Stick with what you know and trust when it comes to OSR establishment
Matching autumn cultivations to the properties of the oilseed rape variety chosen can do much to improve the success of the crop particularly in later sowing scenarios believes one Oxfordshire grower.
Eighty per cent of growing oilseed rape successfully comes down to correct seedbed preparation with varietal vigour a key component, says the Hon. David Parker of Model Farm, Shirburn near Watlington.
In later drilling situations, in particular, it is important to select a variety with excellent vigour so that the crop grows strongly before the onset of pests and colder weather with a good conventional variety often having the upper hand, he says.
“The 2019/20 season has been extremely challenging and in common with many other UK farms we have ended up with a much larger area of spring crops than would normally be the case, primarily at the expense of winter wheat.
“Our rotation is governed by the need to control blackgrass and cleavers. Other broadleaved weeds can also be problematic which, together with the ban on neonicotinoids, is why we dropped linseed last season and this season.
“However, the maize we grow for the cattle which are over-wintered here, and a local anaerobic digestion plant, is excellent in helping to control blackgrass.”
Encompassing a range of soil types, from light sandy clay loam to silty clay, Model Farm has 100ha of permanent pasture which support beef cattle and sheep, together with 270ha of arable crops.
Oilseed rape is grown on a not more than a one in seven rotation and this season, with Model Farm Partnership’s oilseed rape area being mainly the ever popular Campus from KWS.
Its reliable autumn establishment combined with reliably high gross outputs and good lodging resistance being the main reasons, whilst scores of 7 for stem stiffness, 8 for lodging resistance and ‘6s’ for both light leaf spot and stem canker add to its appeal, David says.
“Light leaf spot has become a countrywide problem but to date has not affected this farm, although the choice of variety is crucial and so we look for a score of 6 or higher.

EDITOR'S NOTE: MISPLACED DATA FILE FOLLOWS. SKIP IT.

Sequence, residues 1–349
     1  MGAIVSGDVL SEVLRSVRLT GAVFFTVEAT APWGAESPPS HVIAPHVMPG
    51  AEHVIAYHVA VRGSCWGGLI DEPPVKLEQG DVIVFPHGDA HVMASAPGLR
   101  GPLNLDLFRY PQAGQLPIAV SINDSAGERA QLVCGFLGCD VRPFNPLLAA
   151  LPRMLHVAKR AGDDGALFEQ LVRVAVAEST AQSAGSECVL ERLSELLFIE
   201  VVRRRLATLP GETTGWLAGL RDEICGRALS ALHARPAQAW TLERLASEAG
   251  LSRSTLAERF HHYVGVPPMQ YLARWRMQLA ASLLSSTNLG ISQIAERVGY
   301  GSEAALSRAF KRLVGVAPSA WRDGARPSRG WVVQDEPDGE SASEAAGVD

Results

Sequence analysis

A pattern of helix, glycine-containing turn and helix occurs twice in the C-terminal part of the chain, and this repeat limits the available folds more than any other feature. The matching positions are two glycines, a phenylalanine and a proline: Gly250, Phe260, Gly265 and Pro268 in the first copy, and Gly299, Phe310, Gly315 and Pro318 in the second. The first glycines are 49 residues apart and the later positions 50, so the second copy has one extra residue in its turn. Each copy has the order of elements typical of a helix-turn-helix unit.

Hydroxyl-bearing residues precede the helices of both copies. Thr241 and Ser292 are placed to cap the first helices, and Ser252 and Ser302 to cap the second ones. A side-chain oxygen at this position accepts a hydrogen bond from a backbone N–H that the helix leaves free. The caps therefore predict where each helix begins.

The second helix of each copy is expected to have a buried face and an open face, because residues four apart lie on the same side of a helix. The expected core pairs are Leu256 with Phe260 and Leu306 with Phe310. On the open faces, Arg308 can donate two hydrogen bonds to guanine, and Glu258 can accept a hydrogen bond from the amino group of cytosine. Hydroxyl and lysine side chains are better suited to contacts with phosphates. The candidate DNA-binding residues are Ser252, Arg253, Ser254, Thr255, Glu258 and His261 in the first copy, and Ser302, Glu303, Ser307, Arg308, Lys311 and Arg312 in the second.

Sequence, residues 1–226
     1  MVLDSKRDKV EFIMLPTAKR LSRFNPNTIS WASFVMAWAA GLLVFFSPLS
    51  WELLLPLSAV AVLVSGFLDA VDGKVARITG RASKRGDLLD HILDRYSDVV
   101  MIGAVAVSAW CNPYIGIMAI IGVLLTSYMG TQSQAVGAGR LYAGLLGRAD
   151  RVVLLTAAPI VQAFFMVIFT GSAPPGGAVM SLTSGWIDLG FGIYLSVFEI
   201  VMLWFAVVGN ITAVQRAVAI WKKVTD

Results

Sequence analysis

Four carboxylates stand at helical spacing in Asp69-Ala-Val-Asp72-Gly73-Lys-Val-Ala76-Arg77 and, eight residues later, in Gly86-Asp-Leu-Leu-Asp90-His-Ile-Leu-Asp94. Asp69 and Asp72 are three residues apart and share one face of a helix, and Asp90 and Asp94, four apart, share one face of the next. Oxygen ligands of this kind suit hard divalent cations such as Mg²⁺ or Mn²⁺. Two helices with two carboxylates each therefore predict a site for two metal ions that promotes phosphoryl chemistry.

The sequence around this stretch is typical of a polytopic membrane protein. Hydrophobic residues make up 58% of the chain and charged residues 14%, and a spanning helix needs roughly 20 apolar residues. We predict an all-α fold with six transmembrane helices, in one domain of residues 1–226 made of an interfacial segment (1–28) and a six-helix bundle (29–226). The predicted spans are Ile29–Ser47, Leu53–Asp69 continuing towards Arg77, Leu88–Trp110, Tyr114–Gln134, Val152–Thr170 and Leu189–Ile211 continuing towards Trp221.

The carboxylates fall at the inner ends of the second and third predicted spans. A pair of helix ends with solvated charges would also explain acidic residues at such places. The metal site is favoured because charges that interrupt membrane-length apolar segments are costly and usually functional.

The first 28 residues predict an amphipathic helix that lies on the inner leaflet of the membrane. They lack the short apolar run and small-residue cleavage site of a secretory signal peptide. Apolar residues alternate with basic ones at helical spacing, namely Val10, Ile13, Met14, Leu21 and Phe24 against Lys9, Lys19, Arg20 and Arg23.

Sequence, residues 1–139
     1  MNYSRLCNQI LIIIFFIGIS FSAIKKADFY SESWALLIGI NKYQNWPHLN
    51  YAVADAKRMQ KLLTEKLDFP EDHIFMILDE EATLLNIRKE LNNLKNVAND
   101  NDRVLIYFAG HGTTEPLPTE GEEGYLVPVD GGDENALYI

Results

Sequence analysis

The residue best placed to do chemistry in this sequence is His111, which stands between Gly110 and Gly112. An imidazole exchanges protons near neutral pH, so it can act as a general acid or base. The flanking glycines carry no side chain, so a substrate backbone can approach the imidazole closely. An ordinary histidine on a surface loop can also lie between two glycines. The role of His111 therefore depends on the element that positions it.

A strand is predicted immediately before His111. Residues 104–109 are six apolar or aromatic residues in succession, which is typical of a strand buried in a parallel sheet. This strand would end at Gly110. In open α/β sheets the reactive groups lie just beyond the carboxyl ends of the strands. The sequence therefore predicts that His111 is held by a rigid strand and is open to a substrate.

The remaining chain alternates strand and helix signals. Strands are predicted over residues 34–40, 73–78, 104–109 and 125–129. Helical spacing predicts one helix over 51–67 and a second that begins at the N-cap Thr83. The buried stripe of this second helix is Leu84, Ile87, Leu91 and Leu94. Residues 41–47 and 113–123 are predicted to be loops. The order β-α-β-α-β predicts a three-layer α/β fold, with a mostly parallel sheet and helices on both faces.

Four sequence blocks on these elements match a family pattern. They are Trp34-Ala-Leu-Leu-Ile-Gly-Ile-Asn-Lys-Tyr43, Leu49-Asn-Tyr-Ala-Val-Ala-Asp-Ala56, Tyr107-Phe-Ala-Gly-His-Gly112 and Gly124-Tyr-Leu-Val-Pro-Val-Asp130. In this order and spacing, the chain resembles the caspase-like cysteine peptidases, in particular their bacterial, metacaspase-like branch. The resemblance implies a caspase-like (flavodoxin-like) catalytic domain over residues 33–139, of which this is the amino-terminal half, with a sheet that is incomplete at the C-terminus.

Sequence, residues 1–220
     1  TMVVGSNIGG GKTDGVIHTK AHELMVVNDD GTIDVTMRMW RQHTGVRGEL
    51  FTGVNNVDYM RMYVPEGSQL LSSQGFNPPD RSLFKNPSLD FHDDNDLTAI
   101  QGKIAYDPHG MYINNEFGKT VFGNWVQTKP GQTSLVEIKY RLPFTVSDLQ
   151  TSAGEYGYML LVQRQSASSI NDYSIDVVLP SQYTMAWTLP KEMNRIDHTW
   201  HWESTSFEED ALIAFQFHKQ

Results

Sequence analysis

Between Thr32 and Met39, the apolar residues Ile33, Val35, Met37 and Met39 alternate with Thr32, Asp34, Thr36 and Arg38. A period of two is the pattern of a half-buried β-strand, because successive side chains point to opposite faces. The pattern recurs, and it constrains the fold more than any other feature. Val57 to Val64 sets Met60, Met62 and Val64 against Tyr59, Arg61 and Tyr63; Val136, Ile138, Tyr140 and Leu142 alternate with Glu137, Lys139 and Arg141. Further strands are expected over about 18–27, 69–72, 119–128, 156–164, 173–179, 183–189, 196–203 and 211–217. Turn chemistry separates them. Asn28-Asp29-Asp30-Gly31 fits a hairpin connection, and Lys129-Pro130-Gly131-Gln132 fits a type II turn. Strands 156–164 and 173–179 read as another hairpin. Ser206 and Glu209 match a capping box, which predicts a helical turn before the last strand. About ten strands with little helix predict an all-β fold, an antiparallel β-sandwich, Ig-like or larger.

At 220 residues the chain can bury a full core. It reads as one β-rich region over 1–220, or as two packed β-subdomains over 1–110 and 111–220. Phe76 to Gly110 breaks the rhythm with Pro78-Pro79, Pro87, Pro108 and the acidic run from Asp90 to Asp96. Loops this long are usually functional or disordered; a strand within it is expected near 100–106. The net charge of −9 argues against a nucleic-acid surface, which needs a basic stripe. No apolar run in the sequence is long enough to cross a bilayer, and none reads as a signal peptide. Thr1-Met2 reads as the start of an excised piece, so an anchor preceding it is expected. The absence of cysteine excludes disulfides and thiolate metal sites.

Campus is very vigorous and gets away quickly, reducing the risk from Cabbage Stem Flea Beetle attack.
“It does that better and is higher yielding than Quartz which we grew previously, and it is faster to emerge in the autumn than LG Aspire, another variety we have evaluated.
Correct establishment essential
The Campus was drilled on 20 August last year following winter wheat with the straw being chopped as finely as possible, David Parker explains.
“Where our Horsch CO4 drill is used we run over the land with a set of Simba discs, drill 20mm deep and then double roll.
“Rolling is essential and for spring-sown crops we might even use a heavy flat roll to ensure that the seed is pressed into close contact with the soil.
“For comparison, we did have some oilseed rape direct drilled by a contractor using a Horsch Avatar. The area where it was used had been fallow, partly drilled with oats and partly Berseem clover that were sprayed off, leaving 40cm high stubble.
“We found that our own Horsch CO4 moved more soil and produced better establishment. The crop after oats was successful but the area after the clover was destroyed by Cabbage Stem Flea Beetle in one night.”
The optimum time to drill is very dependent on the weather, but when the seed hits the ground it must have the moisture and Nitrogen it needs to chit immediately, then grow flat out for at least a week to get away from the Cabbage Stem Flea Beetle, he says.
“We have found that applying sewage sludge about a week before drilling seems to upset this pest, perhaps because of the smell, but none was applied to this season’s crop.
“Nitrogen is applied before the crop is drilled and we have experimented with a range of rates, from 30kg/ha up to 60kg/ha, but 45kg/ha seems about the optimum level under our conditions.
“The crop also received 70kg/ha of Nitrogen and 12.5kg/ha of Sulphur on 9 March and the same again at the end of March.
Weather conditions through the season have been exceptionally challenging with the exceptionally wet autumn causing real issues with getting crops established and Cabbage Stem Flea Beetle attacking the oilseed rape.
“We are happy that we have Belkar® (Corteva Agriscience) post-emergence autumn applied herbicide in our chemical armoury because it allows us to see that we have a crop before it is applied and the results have been very impressive.
“We also use Kerb® (Corteva Agriscience) which goes on in January and has been highly effective in controlling blackgrass and a wide range of other grass weeds.
“Our fungicide programme consisted of one 0.32 l/ha application of Proline 275 (Bayer) in November and another on 4 May, giving a total fungicide spend of £27/ha. “At the time of the second application there was some evidence of seed weevil, so we also applied Hallmark Zeon (Syngenta) the next morning.”